We jumped over the rail and we hadn’t walked two blocks when here was a six and-a-half-foot railroad policeman. (They wore long, blue coats.) There had been trouble about things being stolen, of course, and they didn’t want anyone fiddling around their railroad yards, and they made it pretty tough. So we had to walk from omaha, west of the Missouri, clear through that town, away out from across the bridge, and into council Bluffs to catch another train. I can remember being tired, hungry, and thirsty. It seemed like one of the longest walks of my life.

We finally caught a freight that went on into Des Moines. This boy was from Des Moines, a real nice kid who had worked up there all summer. He was a devout Catholic so he fit in well with the people we worked for. The boss’s wife, a lovely woman, made sure he went to church with her every Sunday.

Then there was Joe, the alcoholic. I mean he was a genuine, dyed-in-the-wool alcoholic. Every Saturday night he’d get so drunk he couldn’t hit the ground with his hat, but every sunday morning at daylight, the boss’S wife would come out there and call him out of bed to go to Mass. I could never figure out how a gambling alcoholic fool could never miss Mass.

The boy I was with insisted I go home with him. He told me there was no use to go beating my way across the country. He said, “come on down to my place. Maybe we can find a ride for you.” So, I went. The boy introduced me to his mother, and that woman looked like she was 110 years old. I didn’t get what I thought was a very warm welcome, either. Anyway, I stayed and had a good meal, for a change. I don’t remember how I got home from there, but I did get home. I suppose that was the fall of 1927.

I hadn’t been home but a very short time when the neighbor boy told me I should meet his cousin who was in Des Moines. 
He said, “You’ll like her. She’s a splendid person.”

I had to go to their place and this girl was visiting there. I had to go on an errand over to this girl’s married brother’s place so the girl got in the car and rode over with me. I forget what the errand was, but she and I were alone in the car. and we started visiting. I don’t remember what the [page 101] conversation was, but I said something, and she turned around and looked at me and threw her arms around me — nearly squeezed me to death! I was shocked. I wondered what on earth was going on! As time went by, I discovered that during her high school years, she had had one sweetheart. I don’t know what their relationship was, but I do know what our relationship was, and it was splendid. She was a splendid person. We went together for about a year. Then I discovered that this one-time sweetheart of hers went to the Navy and became an all-American football player and dropped this poor girl like a hot potato. It broke her heart. So, all this time she had been lonely, until she met me. They were first cousins.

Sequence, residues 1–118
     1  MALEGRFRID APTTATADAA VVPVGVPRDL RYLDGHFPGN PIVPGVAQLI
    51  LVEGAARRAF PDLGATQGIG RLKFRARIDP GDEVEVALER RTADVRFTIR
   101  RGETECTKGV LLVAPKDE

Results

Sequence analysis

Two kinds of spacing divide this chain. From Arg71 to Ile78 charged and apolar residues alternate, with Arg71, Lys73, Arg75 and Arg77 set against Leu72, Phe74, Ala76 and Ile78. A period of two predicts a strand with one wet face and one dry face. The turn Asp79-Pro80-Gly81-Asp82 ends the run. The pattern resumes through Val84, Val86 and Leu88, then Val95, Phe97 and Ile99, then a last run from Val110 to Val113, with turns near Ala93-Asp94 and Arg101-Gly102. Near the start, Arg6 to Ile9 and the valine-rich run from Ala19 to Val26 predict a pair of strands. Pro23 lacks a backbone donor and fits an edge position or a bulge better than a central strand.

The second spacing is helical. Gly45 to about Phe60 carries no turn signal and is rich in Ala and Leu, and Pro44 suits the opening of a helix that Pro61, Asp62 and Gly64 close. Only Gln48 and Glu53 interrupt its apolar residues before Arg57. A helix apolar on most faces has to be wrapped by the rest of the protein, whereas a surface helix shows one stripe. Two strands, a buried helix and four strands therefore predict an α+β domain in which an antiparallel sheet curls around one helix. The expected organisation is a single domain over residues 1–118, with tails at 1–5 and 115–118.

We left Des Moines in a blinding snowstorm — great, wet flakes that blew through the radiator and shorted out the wiring and the distributors on half the cars on the road. There was four to six inches of snow, and those wet flakes shorted out our car. I got out and wiped off that distributor and we went on. We came to a tiny service station. I stopped and asked if he had any old inner tubes. He found one for me, and I made a bonnet to completely cover that distributor and the wiring. I tied it on so the snow couldn’t plaster the wiring and we came on down the road, past the cars stalled along the road. I really couldn’t help them; there were so many. They just had to sit there until the storm was over and dried out the wiring.

I remember her looking up at me and saying, “Wendell, is there anything on this earth that you can’t do?” I thought that was quite a compliment. I was just doing what I had to do.

I went with this girl all winter. She worked in the bank in Des Moines and she visited her aunt there several times. Of course, I had the privilege of visiting with her and she was a splendid person. I loved her very much. 
The next year I spent in South Dakota. I made one trip into Des Moines and stayed at her place, on the daveno in the front room, overnight. Her father was dead but he had been a .railroader on the Rock Island Railroad. This girl’s mother always told her I was a bum, that I would never be worth anything, and I couldn’t understand that. How could she do that to me without any reason? No, we didn’t talk about marriage. YOu don’t, when you don’t have a penny. You just do the best you can and hope for the best.